Beginning more than a professional interest with Dr. Jim Pomatter, her gynecologist, is the first step Jenna takes to improve her life.  A pie baking contest in a nearly county is the second step.  With her recipes for such specialties as Mermaid Marshmallow, The Key (Lime) to Happiness Pie and “Betrayed By My Eggs Pie,”
she views the grand prize as her big chance at a new life.
Jenna’s third step is to find the courage to abandon her loveless marriage and take a stand for freedom and happiness.  That recipe is more elusive than most and harder to find the proper ingredients for, but with her sister servers, her crusty boss and loyal customers, Jenna eventually finds everything she is seeking.

For tickets ($35-126), call the Bushnell, 166 Capitol Avenue, Hartford at 860-987-5900 or online at www. bushnell.org.  Performances are Tuesday to Thursday at 7:30 p.m., Friday at 8 p.m., Saturday at 2 p.m. and 8 p.m. and Sunday at 1 p.m. and 6:30 p.m.

Plan to order a slice of perfection, like Mermaid Marshmallow pie, as you enjoy the heavenly treats on the stage.  Don’t forget to leave a generous tip for your waitress.

WESTPORT COUNTRY PLAYHOUSE STAGES GRIPPING DRAMA TILL JUNE 22




For some, silver spoons are most likely made of plastic and rose-colored glasses don’t allow you to see. Life is not always fair.   Just ask four factory workers at a Detroit car manufacturing plant where the scuttlebutt is the plant is on the verge of closing.  While you may not love your job, it provides dollars to pay your rent, health care to cure your ills and the promise of a pension if you perform well over the years.  Take a deep breath and enter the break room where this quartet of workers have shared their dreams and expressed their hopes for tomorrow.  Now that tomorrow is in jeopardy.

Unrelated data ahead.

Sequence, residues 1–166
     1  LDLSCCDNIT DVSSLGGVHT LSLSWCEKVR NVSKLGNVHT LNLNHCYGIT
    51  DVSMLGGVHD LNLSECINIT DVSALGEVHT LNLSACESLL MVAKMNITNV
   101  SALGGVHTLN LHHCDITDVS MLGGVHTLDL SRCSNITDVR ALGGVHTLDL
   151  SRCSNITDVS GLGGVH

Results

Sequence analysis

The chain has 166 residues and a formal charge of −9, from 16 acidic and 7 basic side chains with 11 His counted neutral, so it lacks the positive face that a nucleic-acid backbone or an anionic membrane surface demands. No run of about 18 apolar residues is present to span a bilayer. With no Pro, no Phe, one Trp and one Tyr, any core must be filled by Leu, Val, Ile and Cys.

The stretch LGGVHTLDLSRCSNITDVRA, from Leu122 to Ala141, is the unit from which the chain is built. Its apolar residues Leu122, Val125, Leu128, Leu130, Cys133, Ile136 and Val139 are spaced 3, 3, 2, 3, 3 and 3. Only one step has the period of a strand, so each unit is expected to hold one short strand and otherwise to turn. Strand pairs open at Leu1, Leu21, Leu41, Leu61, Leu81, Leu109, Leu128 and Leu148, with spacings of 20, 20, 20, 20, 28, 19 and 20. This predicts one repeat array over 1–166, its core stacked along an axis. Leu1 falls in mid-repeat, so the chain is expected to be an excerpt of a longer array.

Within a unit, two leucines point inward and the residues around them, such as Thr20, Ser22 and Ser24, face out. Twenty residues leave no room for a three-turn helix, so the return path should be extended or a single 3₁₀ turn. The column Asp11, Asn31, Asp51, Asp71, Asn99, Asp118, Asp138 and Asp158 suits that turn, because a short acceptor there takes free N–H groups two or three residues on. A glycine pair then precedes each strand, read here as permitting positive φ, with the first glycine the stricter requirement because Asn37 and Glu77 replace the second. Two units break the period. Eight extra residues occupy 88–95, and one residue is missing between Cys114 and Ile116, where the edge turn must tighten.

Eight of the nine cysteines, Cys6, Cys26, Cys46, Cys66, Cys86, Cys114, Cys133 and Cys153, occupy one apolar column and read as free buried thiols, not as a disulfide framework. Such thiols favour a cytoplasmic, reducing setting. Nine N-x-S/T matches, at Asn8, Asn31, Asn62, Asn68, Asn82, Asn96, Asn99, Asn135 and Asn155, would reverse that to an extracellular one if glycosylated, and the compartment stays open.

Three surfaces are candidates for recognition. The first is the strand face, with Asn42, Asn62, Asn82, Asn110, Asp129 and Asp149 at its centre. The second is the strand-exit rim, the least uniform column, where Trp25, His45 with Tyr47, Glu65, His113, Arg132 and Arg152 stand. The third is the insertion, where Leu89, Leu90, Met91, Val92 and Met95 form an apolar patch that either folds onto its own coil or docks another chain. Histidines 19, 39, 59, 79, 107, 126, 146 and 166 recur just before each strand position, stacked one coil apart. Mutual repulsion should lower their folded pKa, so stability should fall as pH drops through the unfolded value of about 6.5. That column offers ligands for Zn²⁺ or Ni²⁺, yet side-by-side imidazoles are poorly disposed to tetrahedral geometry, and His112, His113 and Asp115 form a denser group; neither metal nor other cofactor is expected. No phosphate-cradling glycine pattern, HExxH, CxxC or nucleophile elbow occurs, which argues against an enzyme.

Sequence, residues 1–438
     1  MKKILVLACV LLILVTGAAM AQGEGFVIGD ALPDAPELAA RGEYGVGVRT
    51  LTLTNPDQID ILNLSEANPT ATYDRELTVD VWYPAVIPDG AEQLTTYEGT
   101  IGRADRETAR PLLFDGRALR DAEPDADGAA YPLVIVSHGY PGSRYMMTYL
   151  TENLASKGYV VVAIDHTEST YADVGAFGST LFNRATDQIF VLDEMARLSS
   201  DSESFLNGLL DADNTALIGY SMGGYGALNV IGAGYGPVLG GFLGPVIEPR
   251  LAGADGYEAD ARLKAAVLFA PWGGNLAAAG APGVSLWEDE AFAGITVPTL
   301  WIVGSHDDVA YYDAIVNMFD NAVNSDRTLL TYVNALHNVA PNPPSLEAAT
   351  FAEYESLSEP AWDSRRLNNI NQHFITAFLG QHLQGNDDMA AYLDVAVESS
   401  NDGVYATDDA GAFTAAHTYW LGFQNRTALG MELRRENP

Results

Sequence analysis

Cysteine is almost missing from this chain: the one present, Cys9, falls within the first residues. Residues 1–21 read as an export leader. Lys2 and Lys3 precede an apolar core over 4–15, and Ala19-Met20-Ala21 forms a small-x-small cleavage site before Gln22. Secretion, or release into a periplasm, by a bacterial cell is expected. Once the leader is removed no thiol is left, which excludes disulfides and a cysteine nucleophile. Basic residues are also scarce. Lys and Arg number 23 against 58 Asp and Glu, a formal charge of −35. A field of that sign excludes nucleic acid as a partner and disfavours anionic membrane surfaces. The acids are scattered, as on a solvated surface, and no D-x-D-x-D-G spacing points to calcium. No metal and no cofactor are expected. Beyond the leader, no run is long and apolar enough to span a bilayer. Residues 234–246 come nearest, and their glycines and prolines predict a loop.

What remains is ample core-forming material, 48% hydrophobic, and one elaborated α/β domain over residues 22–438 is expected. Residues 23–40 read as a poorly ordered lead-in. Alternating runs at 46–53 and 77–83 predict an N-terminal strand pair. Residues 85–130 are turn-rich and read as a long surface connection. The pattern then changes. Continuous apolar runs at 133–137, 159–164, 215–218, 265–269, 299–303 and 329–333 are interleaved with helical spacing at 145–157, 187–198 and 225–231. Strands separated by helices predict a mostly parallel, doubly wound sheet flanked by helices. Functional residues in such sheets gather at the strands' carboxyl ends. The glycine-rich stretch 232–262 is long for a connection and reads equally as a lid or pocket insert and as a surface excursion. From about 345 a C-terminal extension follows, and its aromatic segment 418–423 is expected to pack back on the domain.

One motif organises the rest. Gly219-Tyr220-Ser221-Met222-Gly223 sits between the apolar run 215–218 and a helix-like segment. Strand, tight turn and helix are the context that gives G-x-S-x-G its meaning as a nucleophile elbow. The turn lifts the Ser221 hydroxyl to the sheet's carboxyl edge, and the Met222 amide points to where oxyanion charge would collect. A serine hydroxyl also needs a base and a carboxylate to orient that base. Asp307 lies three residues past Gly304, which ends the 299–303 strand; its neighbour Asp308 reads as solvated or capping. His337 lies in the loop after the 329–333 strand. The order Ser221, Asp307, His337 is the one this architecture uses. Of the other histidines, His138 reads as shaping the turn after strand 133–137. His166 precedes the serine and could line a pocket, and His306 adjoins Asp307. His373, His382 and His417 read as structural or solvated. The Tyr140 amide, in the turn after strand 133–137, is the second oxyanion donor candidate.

“Skeleton Crew” by Dominique Morisseau is one of three plays she has penned that expose life on the edge, where each paycheck is important and life is not filled with fairness or guarantees.  Come meet Perri Gaffney’s Faye who always plays by the rules and has devoted almost three decades of hard work for the factory’s success.  She is a union rep and fights hard for her people. How is it that she is now homeless and is sleeping in her car or in the break room?

Faye’s family ties go back a long way in her relationship with the plant manager Sean Nelson’s Reggie who is trapped in a no-win situation between his “people” and his superiors. How can he be true to both?  Faye had a close bond with Reggie’s mom, and she feels a loyalty that she prays Reggie shares.  

Toni Martin’s Shanita is pregnant which adds an urgency to her situation.  She has always worked hard on the line and hopes that will augur in her favor if layoffs are made.  She has an unusual affection for Leland Fowler’s Dez, a young man with dreams of running his own garage and some unorthodox ways of making that happen.  Will his daring deeds be his undoing?

Detroit in 2008 is a time of change and unrest and these four have a lot to lose, whether they stand together or apart.  They will make you care about their fate under the finely tuned direction of LA Williams, on a set designed by Caite Hevner, illuminated by Xavier Pierce’s lighting.

For tickets ($30 and up), call the Westport Country Playhouse, 25 Powers Court, Westport at 203-227-4177 or 1-888-927-7529 or online at westportplayhouse.org. Performances are Tuesday at 7 p.m., Wednesday at 2 p.m. and 8 p.m., Thursday and Friday at 8 p.m., Saturday at 3 p.m. and 8 p.m., and Sunday at 3 p.m.